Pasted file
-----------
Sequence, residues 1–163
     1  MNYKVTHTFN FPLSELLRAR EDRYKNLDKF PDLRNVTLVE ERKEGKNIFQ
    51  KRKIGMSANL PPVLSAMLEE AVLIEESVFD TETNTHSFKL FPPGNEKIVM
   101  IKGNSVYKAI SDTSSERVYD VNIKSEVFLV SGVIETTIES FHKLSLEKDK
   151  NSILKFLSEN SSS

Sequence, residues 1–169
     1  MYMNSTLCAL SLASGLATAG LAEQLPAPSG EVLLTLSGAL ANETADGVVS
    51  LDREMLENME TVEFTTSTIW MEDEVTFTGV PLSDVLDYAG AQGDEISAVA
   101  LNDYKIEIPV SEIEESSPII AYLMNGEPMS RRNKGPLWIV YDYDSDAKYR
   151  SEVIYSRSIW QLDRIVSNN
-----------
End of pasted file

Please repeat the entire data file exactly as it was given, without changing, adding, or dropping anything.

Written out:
Sequence, residues 1–163
     1  MNYKVTHTFN FPLSELLRAR EDRYKNLDKF PDLRNVTLVE ERKEGKNIFQ
    51  KRKIGMSANL PPVLSAMLEE AVLIEESVFD TETNTHSFKL FPPGNEKIVM
   101  IKGNSVYKAI SDTSSERVYD VNIKSEVFLV SGVIETTIES FHKLSLEKDK
   151  NSILKFLSEN SSS

Sequence, residues 1–169
     1  MYMNSTLCAL SLASGLATAG LAEQLPAPSG EVLLTLSGAL ANETADGVVS
    51  LDREMLENME TVEFTTSTIW MEDEVTFTGV PLSDVLDYAG AQGDEISAVA
   101  LNDYKIEIPV SEIEESSPII AYLMNGEPMS RRNKGPLWIV YDYDSDAKYR
   151  SEVIYSRSIW QLDRIVSNN